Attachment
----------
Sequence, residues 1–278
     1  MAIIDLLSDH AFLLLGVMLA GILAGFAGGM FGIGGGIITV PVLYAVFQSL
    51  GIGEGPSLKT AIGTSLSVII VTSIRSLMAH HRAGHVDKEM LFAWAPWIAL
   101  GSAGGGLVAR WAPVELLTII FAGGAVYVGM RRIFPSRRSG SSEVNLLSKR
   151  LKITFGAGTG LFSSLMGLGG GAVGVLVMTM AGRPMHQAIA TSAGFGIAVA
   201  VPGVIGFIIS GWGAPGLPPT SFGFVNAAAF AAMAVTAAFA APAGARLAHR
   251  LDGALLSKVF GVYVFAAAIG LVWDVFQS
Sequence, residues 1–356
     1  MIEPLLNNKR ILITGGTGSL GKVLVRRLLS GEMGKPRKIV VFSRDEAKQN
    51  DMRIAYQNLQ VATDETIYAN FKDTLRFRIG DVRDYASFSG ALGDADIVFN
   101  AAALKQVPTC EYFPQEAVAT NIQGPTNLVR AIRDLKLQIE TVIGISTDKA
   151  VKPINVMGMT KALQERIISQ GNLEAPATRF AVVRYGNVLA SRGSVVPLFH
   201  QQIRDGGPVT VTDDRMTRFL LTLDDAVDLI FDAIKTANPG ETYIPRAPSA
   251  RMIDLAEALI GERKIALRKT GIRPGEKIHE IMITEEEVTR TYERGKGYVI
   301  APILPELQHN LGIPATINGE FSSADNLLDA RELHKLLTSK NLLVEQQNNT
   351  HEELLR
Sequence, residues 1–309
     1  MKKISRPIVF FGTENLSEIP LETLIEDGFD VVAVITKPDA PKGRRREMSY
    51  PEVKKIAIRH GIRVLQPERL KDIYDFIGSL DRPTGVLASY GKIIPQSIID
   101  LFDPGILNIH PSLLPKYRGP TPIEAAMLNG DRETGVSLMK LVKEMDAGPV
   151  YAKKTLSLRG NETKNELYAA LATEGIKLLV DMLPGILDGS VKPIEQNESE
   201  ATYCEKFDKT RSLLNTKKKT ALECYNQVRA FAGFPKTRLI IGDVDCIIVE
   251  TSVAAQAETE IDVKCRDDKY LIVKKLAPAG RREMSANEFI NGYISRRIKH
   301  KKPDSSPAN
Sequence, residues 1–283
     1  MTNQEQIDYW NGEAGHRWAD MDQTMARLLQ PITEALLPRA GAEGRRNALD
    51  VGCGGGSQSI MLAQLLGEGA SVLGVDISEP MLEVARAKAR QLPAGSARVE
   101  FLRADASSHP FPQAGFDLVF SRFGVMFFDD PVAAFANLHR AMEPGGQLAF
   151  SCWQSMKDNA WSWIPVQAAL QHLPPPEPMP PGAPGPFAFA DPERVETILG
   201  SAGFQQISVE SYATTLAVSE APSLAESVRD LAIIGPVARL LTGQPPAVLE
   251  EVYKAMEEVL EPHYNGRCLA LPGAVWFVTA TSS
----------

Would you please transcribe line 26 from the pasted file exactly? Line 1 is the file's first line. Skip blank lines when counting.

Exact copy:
     1  MTNQEQIDYW NGEAGHRWAD MDQTMARLLQ PITEALLPRA GAEGRRNALD